The foundation of Hoffman's system was setting firm trial dates and keeping them. Hearings and trials were scheduled early; and pretrial investigation was limited, as were the number of character and expert witnesses at trial. Stipulations were encouraged so that time would not be wasted proving facts that all parties agreed to accept. And Hoffman made it clear to all parties that delaying tactics would not be tolerated in his court. "We decided we didn't want to miss a single trial date," he recalled in 1987, "and we still don't."
"For many, defendants as well as plaintiffs, justice delayed may be justice denied or justice mitigated in quality."
Hoffman felt that delays are costly because "lawyers are less keen, witnesses are harder to locate, and every type of confusion and slip-up is more likely." Critics of Hoffman's approach
said that the pace of litigation in his court favored large law firms and businesses with access to vast legal resources, and that too often his system allowed little time to negotiate a settlement before trial. But the vast majority of litigators in Hoffman's jurisdiction praised his methods. In 1968, the Virginia Trial Lawyers Association presented him with its annual award, for his contributions to the advancement of justice in Virginia.
Although speedy justice was important to Hoffman, he also recognized that the quality of justice ultimately rested on the quality of judges and of judicial education. Perhaps for this reason, he joined the Board of Directors of the federal judicial center in 1972, and served as director of the center from 1974 to 1977. As director, he was responsible for the development and delivery of seminars instructing new judges on both law and administrative issues. Hoffman took a central role in many of the seminars, drawing on his experience to lead discussions and alert attendees to the difficulties encountered, and errors made, by inexperienced judges.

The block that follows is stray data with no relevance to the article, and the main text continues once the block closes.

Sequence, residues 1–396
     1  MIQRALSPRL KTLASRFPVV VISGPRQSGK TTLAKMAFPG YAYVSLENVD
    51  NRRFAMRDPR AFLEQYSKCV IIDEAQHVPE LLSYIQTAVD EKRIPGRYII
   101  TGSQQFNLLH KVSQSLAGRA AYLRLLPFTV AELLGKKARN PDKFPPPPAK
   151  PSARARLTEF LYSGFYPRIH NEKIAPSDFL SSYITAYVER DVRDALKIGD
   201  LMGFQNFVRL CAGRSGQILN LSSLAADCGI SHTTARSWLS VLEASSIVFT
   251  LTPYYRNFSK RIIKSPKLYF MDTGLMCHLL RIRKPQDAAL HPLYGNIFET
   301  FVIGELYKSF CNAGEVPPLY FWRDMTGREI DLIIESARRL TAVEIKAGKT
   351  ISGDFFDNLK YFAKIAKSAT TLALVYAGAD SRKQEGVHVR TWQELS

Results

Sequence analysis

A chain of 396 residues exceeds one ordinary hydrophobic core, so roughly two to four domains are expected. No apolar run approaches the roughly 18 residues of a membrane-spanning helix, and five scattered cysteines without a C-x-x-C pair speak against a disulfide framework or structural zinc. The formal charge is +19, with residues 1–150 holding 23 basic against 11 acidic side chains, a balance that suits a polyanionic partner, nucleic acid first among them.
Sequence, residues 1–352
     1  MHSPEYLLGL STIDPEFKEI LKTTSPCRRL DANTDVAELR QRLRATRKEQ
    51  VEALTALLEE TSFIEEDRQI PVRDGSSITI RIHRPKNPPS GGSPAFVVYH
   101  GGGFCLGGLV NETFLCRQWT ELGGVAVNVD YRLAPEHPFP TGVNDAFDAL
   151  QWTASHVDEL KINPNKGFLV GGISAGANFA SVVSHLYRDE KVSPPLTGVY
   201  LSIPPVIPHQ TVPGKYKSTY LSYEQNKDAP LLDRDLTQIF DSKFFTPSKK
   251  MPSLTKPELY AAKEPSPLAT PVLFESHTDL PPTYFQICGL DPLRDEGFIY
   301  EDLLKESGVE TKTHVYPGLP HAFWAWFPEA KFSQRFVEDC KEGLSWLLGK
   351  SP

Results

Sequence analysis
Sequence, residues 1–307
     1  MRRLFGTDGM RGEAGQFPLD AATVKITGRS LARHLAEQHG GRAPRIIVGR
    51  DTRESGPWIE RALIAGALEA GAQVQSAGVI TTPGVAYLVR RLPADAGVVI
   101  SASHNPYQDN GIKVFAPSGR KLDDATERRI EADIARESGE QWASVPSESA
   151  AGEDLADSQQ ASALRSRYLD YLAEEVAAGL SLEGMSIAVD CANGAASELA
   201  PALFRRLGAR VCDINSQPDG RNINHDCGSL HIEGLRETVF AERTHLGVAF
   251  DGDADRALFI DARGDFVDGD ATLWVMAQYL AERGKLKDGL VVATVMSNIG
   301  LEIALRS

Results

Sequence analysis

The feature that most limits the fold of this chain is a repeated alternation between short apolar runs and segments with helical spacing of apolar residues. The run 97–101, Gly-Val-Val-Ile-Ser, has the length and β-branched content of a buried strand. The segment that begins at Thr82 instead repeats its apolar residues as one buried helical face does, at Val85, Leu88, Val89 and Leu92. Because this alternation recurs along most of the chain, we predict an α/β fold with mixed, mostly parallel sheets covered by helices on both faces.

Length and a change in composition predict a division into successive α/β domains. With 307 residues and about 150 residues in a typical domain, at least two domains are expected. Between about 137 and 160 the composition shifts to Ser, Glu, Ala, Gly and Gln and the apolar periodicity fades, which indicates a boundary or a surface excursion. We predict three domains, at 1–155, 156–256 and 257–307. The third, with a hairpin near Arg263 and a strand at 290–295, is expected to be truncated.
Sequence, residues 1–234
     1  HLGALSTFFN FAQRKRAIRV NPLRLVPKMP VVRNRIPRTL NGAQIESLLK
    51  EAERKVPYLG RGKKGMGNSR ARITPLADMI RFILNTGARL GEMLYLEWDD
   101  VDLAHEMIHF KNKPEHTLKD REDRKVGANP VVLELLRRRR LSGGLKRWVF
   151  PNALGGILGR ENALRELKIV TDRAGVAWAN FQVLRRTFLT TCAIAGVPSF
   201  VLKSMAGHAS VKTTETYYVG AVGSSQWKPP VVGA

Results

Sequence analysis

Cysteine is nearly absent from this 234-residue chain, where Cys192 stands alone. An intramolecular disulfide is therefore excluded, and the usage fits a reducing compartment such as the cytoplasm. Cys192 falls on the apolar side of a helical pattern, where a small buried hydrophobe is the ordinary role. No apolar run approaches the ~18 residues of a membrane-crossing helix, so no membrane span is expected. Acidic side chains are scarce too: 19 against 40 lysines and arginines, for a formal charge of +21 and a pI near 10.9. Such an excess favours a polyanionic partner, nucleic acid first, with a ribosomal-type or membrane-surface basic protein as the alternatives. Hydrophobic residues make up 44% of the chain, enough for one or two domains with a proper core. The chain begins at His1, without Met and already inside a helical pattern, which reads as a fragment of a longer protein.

Hoffman took senior (or semiretired) status in 1974. As a senior judge, he accepted assignments to district and circuit courts throughout the federal system. In his capacity as senior judge, he was involved in a number of high-profile cases, including the criminal prosecutions of former vice president Spiro T. Agnew for tax evasion, former U.S. district judge Harry E. Claiborne for tax evasion, former Charleston mayor Mike Roark for cocaine possession and obstruction of justice, and former West Virginia governor Arch A. Moore, Jr., for extortion, mail fraud, tax fraud, and obstruction of justice.
Even at senior status, Hoffman often heard more cases than many of his younger colleagues. "He's regarded as one of the premier federal trial judges in the United States," said U.S. district judge John T. Copenhaver, Jr., at one of the many award ceremonies acknowledging Hoffman's lifelong contributions to the bench. In 1976, the American Judicature Society presented Hoffman with the Herbert Harley Award for aiding the effective administration of justice throughout the United States.
In 1977, the U.S. Judicial Conference passed a resolution commending Hoffman's past services to the judiciary, with special emphasis on his services as director of the Federal Judicial Center. Also in 1977, Hoffman began a fifteen-year tenure on the temporary emergency court of appeals, and he returned to the College of William and Mary as a visiting professor. In 1982, the U.S. Senate voted to rename the federal courthouse in Norfolk in his honor. Hoffman responded by saying he doubted "that a single United States senator knew what he was voting for" that day.
In 1984, Hoffman became the second recipient of the Devitt Distinguished Service to Justice Award, which is administered by the American Judicature Society. This award—named for Edward J. Devitt, former chief U.S. district judge for Minnesota—acknowledges the dedication and contributions to justice made by all federal judges, by recognizing the specific achievements of one judge who has contributed significantly to the profession. Hoffman was acknowledged for improving the quality of justice through efficient judicial administration.
In his late eighties, Hoffman had slowed his pace, but he continued to hear some cases in the nation's federal courts. Hoffman died November 21, 1996, in Norfolk, Virginia. He was married to Helen Caulfield Hoffman and was the father of two children.
Almanac of the Federal Judiciary.